Polyunsaturated fatty acids

It is vital to increase the intake of omega-3 fatty acids. These polyunsaturated fatty acids are an integral part of the myelin sheath of nerve fibers. In particular, the unsaturated fatty acid DHA forms an important basic building block of the cell membrane and is involved in the synthesis of nerve tissue.

The omega-3 fatty acid EPA also plays a crucial role. It serves as the basis for the production of so-called eicosanoids. These hormone-like substances are responsible for the regulation of innumerable functions in the body. They have the ability to regulate the immune system and contribute to a reduction of inflammation.

A long-term and adequate intake of EPA and DHA can, therefore, help to slow the course of the disease and reduce the rate of relapse.


High-quality, natural, gently pressed oils are the most suitable sources of healthy fatty acids. A variety of healthy fatty acids when taken in in special combinations can have positive effects on the disease pattern of MS and its symptoms. As Dr. Johanna Budwig stated in her 1979 book “Fettfibel”:

"The electromotive force of the [...] highly unsaturated fatty acids, biologically driven by the accompanying substances of the oils in whole oil compositions, is necessary in people to uphold membrane function in its entirety." "These whole oils [...] are essential for biological existence today, essential to being human."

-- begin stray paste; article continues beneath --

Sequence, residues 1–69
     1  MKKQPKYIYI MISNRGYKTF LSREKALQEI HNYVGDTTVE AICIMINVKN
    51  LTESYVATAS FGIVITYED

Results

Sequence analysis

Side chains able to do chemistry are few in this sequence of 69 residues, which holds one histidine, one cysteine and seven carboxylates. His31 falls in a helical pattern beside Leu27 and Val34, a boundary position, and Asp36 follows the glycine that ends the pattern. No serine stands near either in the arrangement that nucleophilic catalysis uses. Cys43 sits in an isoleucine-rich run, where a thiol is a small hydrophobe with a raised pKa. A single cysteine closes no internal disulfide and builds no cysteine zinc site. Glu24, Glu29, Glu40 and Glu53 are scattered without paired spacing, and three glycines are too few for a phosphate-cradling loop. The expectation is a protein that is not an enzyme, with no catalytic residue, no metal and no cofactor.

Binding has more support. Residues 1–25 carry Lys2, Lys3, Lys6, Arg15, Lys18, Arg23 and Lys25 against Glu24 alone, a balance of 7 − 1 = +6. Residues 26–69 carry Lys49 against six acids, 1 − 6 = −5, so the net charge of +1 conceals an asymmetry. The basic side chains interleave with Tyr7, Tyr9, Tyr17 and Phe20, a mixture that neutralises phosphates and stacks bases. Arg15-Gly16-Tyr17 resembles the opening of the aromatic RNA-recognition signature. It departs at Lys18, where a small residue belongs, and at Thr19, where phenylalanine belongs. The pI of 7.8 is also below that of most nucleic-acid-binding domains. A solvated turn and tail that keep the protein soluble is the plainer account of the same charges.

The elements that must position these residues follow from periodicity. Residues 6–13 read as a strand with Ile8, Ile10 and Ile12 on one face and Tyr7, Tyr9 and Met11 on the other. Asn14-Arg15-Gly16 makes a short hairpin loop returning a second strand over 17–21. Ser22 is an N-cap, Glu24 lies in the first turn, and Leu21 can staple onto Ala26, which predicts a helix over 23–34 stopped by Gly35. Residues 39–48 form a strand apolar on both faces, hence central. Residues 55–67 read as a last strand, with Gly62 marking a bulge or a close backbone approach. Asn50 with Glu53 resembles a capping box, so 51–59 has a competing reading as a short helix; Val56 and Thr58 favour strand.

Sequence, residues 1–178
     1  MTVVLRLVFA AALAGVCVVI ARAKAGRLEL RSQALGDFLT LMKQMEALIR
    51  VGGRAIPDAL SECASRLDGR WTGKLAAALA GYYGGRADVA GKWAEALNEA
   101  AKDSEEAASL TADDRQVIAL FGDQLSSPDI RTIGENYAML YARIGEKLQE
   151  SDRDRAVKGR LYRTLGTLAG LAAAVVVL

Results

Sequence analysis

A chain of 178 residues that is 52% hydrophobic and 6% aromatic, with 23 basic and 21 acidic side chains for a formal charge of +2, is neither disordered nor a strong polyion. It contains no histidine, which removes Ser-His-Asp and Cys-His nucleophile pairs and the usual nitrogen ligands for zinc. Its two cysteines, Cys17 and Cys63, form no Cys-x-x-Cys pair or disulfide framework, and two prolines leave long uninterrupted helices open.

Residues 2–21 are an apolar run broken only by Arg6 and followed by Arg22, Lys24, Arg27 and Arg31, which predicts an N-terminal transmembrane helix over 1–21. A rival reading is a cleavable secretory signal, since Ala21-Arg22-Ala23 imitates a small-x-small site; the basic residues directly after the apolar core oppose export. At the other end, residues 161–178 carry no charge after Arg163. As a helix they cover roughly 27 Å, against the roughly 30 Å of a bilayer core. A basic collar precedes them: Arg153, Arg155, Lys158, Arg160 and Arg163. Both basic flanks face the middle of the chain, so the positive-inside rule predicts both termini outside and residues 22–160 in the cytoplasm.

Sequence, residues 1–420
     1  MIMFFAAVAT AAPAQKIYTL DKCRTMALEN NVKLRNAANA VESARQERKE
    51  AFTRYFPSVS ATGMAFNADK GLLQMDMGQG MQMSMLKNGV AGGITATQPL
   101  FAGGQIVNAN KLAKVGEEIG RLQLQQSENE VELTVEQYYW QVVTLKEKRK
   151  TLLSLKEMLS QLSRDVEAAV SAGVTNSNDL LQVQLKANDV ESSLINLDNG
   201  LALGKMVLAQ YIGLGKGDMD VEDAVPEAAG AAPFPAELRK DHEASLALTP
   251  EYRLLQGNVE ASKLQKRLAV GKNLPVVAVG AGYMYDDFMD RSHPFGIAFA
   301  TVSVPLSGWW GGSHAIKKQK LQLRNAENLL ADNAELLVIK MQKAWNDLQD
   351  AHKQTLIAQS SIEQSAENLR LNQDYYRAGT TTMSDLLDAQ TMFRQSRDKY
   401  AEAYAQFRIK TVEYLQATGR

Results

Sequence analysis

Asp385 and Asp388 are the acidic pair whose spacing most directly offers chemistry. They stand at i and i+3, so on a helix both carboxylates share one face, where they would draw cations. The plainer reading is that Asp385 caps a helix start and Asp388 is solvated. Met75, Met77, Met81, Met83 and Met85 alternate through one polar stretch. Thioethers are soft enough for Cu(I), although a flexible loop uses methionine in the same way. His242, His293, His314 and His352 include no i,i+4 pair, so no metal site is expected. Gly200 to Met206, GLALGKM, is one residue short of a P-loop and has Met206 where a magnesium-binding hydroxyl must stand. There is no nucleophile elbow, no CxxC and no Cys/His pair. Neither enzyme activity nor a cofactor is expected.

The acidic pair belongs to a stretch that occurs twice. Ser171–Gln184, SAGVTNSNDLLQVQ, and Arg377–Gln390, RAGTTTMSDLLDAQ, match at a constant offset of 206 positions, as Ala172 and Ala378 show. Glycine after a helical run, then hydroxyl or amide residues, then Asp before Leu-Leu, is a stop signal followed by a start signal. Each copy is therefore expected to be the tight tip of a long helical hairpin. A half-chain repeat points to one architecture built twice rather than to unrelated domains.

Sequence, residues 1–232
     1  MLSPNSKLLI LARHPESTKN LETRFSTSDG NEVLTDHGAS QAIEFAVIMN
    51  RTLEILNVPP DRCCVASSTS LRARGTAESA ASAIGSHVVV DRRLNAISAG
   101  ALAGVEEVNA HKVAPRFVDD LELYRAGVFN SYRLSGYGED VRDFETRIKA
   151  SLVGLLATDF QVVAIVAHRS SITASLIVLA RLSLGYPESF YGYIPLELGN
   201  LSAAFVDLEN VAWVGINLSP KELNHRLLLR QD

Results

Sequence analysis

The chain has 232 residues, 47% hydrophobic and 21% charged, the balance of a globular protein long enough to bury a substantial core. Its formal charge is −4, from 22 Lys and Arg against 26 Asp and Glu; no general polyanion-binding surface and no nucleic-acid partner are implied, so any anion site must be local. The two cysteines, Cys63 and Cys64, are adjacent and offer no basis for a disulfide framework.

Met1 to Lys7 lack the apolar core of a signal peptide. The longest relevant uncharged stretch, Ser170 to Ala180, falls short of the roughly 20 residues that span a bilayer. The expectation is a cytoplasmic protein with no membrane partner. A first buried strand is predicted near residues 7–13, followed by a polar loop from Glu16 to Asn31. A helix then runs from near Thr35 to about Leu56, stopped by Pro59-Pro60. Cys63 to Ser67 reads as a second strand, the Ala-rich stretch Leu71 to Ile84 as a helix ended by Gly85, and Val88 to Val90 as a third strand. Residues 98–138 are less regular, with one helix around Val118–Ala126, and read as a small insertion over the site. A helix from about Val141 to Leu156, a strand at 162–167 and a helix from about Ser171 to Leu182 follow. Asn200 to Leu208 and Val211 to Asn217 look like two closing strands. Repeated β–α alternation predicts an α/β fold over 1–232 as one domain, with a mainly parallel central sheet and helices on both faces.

During her lifetime, Dr. Johanna Budwig tirelessly reiterated that she knew of no other oil which possessed the same beneficial effects on health as flax seed oil- which is made up of nearly 70% omega-3 fatty acids. For this reason, she set strict quality standards for the production of flax seed oil. It is paramount to ensure that the electron richness of the flax seed oil is preserved, thus, conserving its intense beneficial effects for the human organism.

Today we know that there are still a number of other important fatty acids from natural oils which in the case of some diseases can be indispensable for the health of our cells when consumed in specific in combinations. They support the basic regulatory processes and, thus, overall cell health in the whole body. By restoring the health of our cells, the medications prescribed to patients suffering from these diseases are biologically supported and can achieve their maximum effects.